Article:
Joseph plays it cool. He doesn’t rub it in and say to his bigger brothers “naninanibooboo.” There was no taunting or teasing. Just dreaming. But his brothers love the status quo and hate him because he’s a dreamer. His dream is their nightmare. Not everyone can handle our dreams. Joseph’s dreams get him into trouble and his dreams make them want to destroy him—“we shall see what will become of his dreams.” Everyone can’t handle our dreams.

That might be the case because we dream what some experts on the science of dreams call a “big dream.” Our dreams may be too big or too dangerous. Dangerous because God’s dreams disrupt the way things are, imagining the ‘oughtness’ of life that transcends the ‘isness’ of reality. Dangerous because God’s dreams may threaten the status quo and envision a new way of life.If your dream only confirms what already is, rubber stamping the norm, blessing the political empire of the day, it’s not God’s dream because God inverts our human way of doing things, flipping life on its head. The last shall be first. The least, the greatest. This is why Joseph’s brothers are so mad.

Dreaming is dangerous because it might get you into trouble. It may land you in a pit or in a Birmingham jail or in a grave. Dreamers put their life in danger because others may attempt to kill the dream. The Rev. Dr. Martin Luther King, Jr. was a dreamer who put his life at risk. He dreamed a world that disrupted and disturbed the status quo in society. In 1963, a little more than 50 years ago, at the March on Washington D.C. for Civil Rights before the Lincoln Memorial, Dr. King dreamed. “I have a dream that one day on the red hills of Georgia, sons of former slaves and sons of former slave-owners will be able to sit down together at the table of brotherhood. I have a dream that one day, even the state of Mississippi, a state sweltering with the heat of injustice, sweltering with the heat of oppression, will be transformed into an oasis of freedom and justice. I have a dream my four little children will one day live in a nation where they will not be judged by the color of their skin but by the content of their character…” This dream still plays on the iPod of this country’s historical memory.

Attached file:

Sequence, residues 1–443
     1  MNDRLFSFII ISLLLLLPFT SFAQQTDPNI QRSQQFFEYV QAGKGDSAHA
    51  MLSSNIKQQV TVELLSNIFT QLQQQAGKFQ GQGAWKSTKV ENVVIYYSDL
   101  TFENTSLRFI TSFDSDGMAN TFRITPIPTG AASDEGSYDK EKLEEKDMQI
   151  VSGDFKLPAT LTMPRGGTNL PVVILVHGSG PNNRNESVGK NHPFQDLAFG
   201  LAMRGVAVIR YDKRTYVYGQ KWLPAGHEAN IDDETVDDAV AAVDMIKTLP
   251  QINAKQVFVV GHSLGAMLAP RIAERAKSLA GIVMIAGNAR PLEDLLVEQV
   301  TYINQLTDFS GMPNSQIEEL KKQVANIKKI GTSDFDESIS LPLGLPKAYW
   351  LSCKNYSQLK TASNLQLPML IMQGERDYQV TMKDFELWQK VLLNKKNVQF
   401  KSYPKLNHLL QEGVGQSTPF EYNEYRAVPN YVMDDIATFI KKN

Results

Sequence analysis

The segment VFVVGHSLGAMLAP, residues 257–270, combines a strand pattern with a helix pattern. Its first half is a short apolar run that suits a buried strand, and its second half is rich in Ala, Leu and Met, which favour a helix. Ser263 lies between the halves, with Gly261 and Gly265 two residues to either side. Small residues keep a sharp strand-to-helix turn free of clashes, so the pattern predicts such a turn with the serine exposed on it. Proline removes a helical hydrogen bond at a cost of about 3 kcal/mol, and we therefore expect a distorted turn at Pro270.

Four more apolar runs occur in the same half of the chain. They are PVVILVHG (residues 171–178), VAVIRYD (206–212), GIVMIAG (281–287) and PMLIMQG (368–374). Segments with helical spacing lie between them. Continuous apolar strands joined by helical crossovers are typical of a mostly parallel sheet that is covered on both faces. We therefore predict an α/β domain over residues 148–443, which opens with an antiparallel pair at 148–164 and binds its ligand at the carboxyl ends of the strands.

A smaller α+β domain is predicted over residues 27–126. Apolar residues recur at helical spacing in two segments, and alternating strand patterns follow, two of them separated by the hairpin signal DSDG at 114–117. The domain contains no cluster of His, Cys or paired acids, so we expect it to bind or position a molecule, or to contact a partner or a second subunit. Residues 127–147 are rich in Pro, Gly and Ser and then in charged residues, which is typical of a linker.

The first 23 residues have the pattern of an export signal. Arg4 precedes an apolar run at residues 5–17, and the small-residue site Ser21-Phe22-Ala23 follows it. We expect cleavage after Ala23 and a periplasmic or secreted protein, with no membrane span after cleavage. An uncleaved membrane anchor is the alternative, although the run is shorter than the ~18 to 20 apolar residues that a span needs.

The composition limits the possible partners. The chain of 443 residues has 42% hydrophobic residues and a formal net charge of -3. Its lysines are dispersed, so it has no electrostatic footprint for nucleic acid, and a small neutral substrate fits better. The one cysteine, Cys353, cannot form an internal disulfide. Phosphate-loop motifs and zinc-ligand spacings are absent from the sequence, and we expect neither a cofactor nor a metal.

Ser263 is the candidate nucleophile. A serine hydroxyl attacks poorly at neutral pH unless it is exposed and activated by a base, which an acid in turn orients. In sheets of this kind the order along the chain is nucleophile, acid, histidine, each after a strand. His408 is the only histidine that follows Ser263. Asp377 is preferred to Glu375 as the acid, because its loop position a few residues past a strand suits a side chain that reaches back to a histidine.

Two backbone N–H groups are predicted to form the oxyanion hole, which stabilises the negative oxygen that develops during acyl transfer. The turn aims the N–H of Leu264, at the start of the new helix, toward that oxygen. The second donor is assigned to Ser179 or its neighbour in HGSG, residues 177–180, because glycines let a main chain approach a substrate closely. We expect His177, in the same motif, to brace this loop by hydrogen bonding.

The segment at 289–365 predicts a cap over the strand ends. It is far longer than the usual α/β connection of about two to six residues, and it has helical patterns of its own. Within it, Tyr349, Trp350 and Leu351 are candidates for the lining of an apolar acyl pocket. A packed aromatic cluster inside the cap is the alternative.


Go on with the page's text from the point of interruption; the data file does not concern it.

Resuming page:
But not everyone understood that dream. Not everyone understands that dream. Not everyone understands dreams. Not everyone can handle dreams. Not everyone, like Joseph’s brothers, wants our dreams to come true. Dr. King’s dream leads to his death.

Stanford University historian and King scholar, Clayborne Carson, was asked in an interview,What messages do you think King would want to impress upon Americans today?” Carson replied, “He would want people to know that his Dream was still unfulfilled at the end of his life and remains unrealized even now.

By looking at YouTube, we may think Dr. King’s rhetorical corpus only includes the “I Have a Dream” speech but he spoke of other dreams throughout his life. In a 1961 commencement address at Lincoln University, King speaks about “The American Dream” and he says, “America is essentially a dream, a dream as yet unfulfilled.” Dreamers know that some dreams will be unfulfilled in their lifetime or even shattered. The Dreamer King was no different as he preached sermons titled “Unfulfilled Dreams”(1968) and “Shattered Dreams.” He believed those kind of dreams were “hallmark[s] of our mortal life.”